Agreed, the timing is huge, I know a few people who sold in 2007-2008 in Vancouver and, well, it’s 5 years later and now they’re looking at probably another 5 at least if the market does crash. They thought a crash was coming and were wringing their hands when GFC hit. Then the credit taps were turned to 11 and prices in parts of Vancouver are way up from then, including properties these people were eyeing on MLS. Now it’s another few hundred K on top at least. Ouch.
Now started the preparations for reforms to revive the market and pull it out from the huge crisis. The first and foremost reform that was suggested was the uniformity of the margin requirements. This was done so that the volatility of the stocks, stock options and index features could be reduced. Also, the installation of new computer systems was suggested so that the market could be pulled out from these difficult times as soon as possible. These computer systems that were newly installed in the stock exchanges needed just a single keystroke to enter the trade. Earlier this work would be tiresome and needed almost 25 keystrokes. These new computer systems rejected the trade if a wrong input was made. Those ways these computers helped increase the efficiency of data management. They also helped to minimize errors and maximize productivity. Overall these new computer systems were helping to manage the data with much ease decreasing chances of mistakes to a great extent.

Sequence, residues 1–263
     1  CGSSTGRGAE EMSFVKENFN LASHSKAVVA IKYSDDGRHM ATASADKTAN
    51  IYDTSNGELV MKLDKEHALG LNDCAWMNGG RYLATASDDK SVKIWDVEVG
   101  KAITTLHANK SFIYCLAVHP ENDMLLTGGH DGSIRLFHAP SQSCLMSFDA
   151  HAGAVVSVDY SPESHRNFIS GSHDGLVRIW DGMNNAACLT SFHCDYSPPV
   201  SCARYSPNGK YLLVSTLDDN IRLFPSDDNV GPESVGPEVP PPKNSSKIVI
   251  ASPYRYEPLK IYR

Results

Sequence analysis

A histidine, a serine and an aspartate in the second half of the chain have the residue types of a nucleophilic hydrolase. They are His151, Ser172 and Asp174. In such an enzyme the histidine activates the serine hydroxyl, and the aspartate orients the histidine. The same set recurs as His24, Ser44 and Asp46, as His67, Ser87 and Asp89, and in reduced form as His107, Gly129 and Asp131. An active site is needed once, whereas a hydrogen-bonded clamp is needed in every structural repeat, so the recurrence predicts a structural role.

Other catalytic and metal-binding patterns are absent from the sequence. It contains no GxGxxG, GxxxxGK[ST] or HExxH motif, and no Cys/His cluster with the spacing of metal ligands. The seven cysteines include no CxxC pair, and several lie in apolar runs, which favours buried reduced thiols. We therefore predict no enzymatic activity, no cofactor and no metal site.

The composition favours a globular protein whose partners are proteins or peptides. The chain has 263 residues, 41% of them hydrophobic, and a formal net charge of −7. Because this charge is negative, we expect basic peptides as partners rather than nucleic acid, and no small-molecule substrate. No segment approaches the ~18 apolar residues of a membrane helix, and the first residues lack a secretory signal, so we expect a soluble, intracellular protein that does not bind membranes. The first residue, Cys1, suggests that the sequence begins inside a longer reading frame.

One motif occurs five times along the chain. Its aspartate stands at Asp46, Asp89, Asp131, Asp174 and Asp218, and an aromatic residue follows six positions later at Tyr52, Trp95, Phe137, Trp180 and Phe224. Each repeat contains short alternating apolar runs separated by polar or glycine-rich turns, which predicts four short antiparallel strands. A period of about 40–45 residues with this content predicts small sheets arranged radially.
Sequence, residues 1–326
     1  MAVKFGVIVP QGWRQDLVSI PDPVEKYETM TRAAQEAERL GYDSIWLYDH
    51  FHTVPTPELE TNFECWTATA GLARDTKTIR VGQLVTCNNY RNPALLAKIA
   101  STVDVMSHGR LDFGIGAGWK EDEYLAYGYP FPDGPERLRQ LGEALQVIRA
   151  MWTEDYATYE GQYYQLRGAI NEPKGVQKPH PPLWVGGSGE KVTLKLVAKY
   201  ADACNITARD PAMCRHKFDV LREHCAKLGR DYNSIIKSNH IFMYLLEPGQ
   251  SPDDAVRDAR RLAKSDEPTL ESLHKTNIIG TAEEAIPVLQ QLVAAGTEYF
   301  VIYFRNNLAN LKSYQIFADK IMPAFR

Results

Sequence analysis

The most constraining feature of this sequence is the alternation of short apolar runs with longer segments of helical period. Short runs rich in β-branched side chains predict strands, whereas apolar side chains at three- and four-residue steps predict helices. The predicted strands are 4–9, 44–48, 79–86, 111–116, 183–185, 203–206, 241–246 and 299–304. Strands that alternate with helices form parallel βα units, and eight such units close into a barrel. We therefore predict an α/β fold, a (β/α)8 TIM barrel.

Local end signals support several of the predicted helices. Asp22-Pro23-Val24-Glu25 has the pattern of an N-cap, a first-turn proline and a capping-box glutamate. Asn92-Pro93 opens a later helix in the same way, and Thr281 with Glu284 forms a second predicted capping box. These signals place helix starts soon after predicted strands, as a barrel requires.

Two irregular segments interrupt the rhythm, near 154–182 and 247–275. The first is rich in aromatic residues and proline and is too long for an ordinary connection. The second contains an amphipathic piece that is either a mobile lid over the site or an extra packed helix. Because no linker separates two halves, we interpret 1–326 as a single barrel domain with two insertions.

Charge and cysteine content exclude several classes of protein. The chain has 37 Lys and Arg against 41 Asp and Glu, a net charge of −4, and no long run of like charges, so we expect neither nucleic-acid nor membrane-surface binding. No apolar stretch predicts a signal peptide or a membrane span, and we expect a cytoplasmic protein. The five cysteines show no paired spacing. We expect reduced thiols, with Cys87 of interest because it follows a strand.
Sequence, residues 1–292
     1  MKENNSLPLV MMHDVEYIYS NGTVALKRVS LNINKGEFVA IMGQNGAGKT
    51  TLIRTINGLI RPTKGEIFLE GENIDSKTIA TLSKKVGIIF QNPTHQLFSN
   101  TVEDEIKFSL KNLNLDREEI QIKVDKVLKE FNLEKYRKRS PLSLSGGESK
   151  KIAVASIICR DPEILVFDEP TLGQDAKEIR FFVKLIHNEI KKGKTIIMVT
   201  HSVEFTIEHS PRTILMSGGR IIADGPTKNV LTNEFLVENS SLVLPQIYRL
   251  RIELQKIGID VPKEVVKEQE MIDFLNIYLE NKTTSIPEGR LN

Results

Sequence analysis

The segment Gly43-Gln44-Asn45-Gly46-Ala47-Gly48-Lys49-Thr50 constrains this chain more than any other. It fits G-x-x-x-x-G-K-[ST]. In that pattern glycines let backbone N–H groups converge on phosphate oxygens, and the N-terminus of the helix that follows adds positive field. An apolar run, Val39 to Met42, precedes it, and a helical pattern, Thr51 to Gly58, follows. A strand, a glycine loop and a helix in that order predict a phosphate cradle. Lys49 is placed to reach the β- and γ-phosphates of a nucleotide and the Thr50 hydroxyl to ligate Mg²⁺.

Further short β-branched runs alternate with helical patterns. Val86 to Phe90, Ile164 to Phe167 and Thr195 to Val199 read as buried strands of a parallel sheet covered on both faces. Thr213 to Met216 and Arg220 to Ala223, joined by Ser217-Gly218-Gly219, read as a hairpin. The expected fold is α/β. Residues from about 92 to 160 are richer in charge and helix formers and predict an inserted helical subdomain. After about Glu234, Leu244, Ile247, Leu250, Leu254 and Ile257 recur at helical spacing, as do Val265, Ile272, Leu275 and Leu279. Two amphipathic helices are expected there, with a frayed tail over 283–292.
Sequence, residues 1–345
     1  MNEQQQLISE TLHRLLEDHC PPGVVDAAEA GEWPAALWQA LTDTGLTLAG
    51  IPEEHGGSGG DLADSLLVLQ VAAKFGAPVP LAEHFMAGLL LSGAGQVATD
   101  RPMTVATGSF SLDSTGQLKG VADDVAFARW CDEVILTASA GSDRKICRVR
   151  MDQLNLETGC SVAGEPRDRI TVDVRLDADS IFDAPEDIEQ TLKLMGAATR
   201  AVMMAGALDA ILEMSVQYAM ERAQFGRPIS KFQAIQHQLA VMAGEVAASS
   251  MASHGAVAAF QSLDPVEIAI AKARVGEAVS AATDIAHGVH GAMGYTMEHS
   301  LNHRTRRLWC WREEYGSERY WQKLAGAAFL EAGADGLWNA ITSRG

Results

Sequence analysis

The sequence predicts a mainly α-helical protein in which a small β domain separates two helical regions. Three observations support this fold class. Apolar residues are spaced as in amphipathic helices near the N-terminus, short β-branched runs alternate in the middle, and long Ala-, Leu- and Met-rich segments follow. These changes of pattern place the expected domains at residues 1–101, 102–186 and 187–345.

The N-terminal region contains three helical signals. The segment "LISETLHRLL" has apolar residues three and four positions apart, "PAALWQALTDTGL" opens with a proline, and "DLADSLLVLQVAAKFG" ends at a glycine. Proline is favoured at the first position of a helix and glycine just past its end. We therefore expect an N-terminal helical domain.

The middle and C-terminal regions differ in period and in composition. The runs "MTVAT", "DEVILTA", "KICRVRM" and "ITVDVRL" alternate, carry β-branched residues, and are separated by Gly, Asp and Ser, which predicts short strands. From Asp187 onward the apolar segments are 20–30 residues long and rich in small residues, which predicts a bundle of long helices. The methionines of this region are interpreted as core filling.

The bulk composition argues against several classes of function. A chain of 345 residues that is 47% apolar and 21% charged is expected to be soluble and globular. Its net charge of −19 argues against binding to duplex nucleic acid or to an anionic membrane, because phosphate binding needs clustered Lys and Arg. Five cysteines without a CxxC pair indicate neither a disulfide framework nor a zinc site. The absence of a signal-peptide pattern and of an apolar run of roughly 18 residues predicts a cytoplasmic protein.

Jones is widely credited with predicting, and profiting, from the stock-market crash on Oct. 19, 1987, which saw the Dow lose nearly 23% of its value, marking the largest one-day percentage decline for the blue-chip benchmark in its history. Jones founded Tudor in 1980 and became known for trading everything from currencies to commodities. His record has featured middling returns and an exodus of billions from his hedge fund in more recent years. According to a Forbes list of billionaires, Jones boasts a net worth of $4.7 billion
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